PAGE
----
Offshore Unit Trusts And Oeics_1_2

Offshore Unit Trusts and OEICs

An offshore fund is a collective investment, although some are unit trusts, most offshore funds are Open Ended Investment Companies (OEICs).

FSA-Recognised Funds
Offshore funds first saw the light of day in the tax havens of the Caribbean and the Channel Islands: Now offshore fund investment managers exist in many different parts of the world such as Ireland, Luxembourg, the Isle of Man and the British Virgin Islands for example. Although the managers of offshore funds face certain restrictions with regard to what they can and cant offer potential UK investors, some funds are able to market their products directly to UK residents. Funds which are domiciled in one of the ‘Designated Territories’ of Jersey, Guernsey, the Isle of Man and Bermuda are known as FSA Recognised Funds.

Many investors and rightly so associate the term ‘offshore’ with i) tax-advantageous investing and ii) anonymity. Generally speaking the main advantage of investing in an offshore fund is that the returns are distributed free of tax or else reinvested and used to heighten a funds overall performance. (Investors who are resident in the UK will eventually have to pay tax on the growth or income their offshore investments produce.) Unlike their onshore counterparts, offshore managers can invest in a wider range of potentially performanceboosting asset classes such as commodities, derivatives and hedge funds.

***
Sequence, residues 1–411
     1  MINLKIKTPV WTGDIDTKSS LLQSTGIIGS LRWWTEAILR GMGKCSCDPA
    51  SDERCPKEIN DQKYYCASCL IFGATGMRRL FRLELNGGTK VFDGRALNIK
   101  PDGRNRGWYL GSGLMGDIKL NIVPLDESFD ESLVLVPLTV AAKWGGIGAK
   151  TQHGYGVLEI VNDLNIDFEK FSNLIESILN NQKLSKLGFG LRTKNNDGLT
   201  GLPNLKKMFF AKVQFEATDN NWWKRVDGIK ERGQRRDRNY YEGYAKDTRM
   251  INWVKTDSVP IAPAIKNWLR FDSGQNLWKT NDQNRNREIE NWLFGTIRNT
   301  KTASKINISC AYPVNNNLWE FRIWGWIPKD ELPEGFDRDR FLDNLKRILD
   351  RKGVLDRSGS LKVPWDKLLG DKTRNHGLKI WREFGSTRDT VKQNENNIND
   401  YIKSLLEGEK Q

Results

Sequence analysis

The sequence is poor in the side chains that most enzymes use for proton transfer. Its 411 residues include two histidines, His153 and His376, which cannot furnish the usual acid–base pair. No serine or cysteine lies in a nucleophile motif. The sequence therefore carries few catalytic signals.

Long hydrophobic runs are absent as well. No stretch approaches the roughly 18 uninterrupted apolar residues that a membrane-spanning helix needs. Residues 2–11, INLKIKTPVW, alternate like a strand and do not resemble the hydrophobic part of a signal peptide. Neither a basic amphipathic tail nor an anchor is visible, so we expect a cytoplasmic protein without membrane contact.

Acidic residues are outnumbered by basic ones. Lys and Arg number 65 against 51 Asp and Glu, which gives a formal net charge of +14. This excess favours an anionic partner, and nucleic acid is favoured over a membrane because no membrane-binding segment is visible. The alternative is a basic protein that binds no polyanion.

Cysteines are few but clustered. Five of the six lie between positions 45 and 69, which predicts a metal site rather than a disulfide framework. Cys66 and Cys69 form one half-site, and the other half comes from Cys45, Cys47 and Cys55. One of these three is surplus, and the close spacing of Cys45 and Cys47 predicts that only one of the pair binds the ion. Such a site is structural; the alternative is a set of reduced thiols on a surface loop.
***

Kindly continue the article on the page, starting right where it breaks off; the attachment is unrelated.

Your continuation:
With regard to confidentiality, many offshore centres continue to do all they can within the law to safeguard the identities of their investors, which can be an important benefit for some individuals.

FSA Recognised offshore funds are classified as being either Qualifying or Distributing funds, or Non-Qualifying or Accumulation funds.

In a Qualifying fund, at least 85% of the funds income must be distributed to its investors. As tax is not deducted at source from the distributions, UK investors must declare the income in their annual tax returns. Paying the tax due on the distributions later rather sooner, can leave the investor with more capital to invest. Depending on the funds performance, the investor may also have to pay Capital Gains Tax when the investment matures or is sold.

Non-Qualifying funds do not distribute income, so the investor has no income tax to pay until the investment matures. All investment returns are reinvested in the fund which can help enhance its overall performance. On maturity or disposal of a Non-Qualifying fund, HM Revenue & Customs classifies the return as being an ‘Offshore Income Gain’ and as such subject to the investor’s highest marginal rate of income tax.

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